Valley View Teacher Fighting to Reclaim Job

June 6, 2005 – Posted at 4:49 p.m. CDT
JONESBORO -- A Region 8 schoolteacher is fighting to get her job back claiming she was wrongfully terminated. But the school she worked for says she was insubordinate.
27-year-old high school teacher Rachel Nichols was fired two weeks ago after a dispute with Valley View administrators over whether or not a student had cheated on a test.
Nichols was fired after discovering a male student in a sophomore honors world civilization class had allegedly cheated on a test. The student had allegedly used a web site found in his textbook to find out test question answers.
Nichols’ attorney Scott Emerson said, “She's handing him the test and he immediately puts it under his desk to hide it. And she says, 'What is that?' and he ends up giving it to her and she said, 'I'm not going to allow you to take this test.' And that's how this whole thing got started.”
Valley View principal Rob Lindley ordered Nichols' to retest the student, and she refused. “She was upset that the principal told her that after she had told the student that he was not going to take this test,” said Emerson, “The student can go around the teacher, undermine her respect and authority and have a principal reverse the decision she made about this test.”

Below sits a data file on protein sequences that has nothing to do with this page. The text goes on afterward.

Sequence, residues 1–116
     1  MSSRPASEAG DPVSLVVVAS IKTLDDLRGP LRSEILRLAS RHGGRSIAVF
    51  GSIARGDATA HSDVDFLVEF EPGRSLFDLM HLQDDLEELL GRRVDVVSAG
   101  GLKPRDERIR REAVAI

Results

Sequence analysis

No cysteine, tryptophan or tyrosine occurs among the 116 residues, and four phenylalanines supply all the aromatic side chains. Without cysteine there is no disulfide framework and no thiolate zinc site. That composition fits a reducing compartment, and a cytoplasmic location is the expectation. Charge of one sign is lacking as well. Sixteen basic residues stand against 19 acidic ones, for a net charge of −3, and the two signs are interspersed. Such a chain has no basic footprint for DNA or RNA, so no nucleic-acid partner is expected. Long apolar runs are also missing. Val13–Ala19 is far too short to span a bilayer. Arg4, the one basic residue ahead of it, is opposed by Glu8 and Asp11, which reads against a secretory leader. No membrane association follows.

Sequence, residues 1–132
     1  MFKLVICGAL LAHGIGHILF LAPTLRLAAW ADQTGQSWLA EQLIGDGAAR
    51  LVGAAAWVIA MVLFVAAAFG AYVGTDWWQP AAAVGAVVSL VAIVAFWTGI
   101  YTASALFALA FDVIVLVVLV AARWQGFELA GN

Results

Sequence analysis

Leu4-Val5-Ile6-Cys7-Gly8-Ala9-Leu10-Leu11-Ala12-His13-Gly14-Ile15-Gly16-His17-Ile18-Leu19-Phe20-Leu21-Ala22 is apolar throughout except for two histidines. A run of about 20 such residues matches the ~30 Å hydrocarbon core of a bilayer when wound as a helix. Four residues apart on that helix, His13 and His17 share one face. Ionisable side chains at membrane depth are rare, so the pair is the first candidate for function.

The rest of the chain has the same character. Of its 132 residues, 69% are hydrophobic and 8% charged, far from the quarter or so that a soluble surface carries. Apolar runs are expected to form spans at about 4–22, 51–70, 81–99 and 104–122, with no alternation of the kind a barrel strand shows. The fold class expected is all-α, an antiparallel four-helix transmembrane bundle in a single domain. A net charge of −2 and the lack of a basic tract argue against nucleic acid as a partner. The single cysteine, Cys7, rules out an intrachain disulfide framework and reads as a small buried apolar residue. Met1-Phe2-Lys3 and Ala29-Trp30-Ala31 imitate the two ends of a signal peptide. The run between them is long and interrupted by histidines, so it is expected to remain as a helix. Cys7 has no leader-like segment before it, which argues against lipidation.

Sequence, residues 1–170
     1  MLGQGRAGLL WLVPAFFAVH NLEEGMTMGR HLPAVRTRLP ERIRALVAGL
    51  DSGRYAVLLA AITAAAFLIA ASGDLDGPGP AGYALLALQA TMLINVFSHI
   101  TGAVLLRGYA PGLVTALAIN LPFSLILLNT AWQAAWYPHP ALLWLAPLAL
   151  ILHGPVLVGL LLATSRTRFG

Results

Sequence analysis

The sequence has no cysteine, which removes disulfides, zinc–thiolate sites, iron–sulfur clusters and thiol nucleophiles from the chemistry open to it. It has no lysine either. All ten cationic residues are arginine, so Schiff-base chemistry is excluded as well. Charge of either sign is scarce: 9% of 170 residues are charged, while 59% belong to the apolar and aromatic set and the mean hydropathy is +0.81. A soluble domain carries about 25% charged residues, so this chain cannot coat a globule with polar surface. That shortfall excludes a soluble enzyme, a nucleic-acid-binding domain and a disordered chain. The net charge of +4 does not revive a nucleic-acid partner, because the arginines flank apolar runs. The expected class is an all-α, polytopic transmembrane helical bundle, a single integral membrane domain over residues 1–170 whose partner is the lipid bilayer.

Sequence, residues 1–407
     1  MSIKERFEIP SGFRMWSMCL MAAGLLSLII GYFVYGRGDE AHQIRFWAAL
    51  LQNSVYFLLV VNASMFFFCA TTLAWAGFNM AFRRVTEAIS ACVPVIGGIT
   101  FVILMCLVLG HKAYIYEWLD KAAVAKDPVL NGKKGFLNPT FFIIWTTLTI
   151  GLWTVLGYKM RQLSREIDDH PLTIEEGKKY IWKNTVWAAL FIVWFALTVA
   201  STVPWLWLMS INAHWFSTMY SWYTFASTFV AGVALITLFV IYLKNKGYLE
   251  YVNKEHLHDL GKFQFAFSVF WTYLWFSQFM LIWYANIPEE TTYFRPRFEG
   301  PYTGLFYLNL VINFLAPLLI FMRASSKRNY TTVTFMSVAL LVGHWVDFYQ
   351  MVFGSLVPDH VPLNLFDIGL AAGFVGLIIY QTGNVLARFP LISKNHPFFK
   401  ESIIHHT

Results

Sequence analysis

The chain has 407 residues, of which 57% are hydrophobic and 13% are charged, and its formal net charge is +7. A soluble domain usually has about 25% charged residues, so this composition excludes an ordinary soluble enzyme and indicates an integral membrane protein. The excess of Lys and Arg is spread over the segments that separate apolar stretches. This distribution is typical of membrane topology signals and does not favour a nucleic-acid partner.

Nichols was suspended briefly, but was reinstated under the condition that she test the student, and count his grade evenly with the other students.
“What she didn't do, as she had done before, as she had done with other tests, is not give him a grade,” said Emerson, “But she didn’t give any of the students in the class a grade.”
“As a result of her refusal to do those things, she was terminated,” said Donn Mixon, attorney for Valley View.
Nichols had been a teacher at the Valley View school district for four years without any incident. In fact, the school board had just voted to rehire her in February. Nichols filed a grievance, but the school says she was in the wrong.
“A thorough review was made and it was determined that the student did not cheat. This student used a study resource that was available on-line to students and the teacher was aware of that. And he was studying that before, but not during the test,” said Mixon.
“Teachers have to have, especially in this day and age, authority and respect in the classroom,” said Emerson.
Emerson says Nichols will continue to fight for her job.
“It's horrible for teachers, not only at Valley View, but for all teachers if a precedent like this is allowed to stand. It undermines all their authority in a classroom,” said Emerson.
“She will not be teaching next year at Valley View, and the school administration will be going through the necessary steps to find a replacement for her position,” said Mixon.
The test in question was only worth 10 points in Nichols' classroom.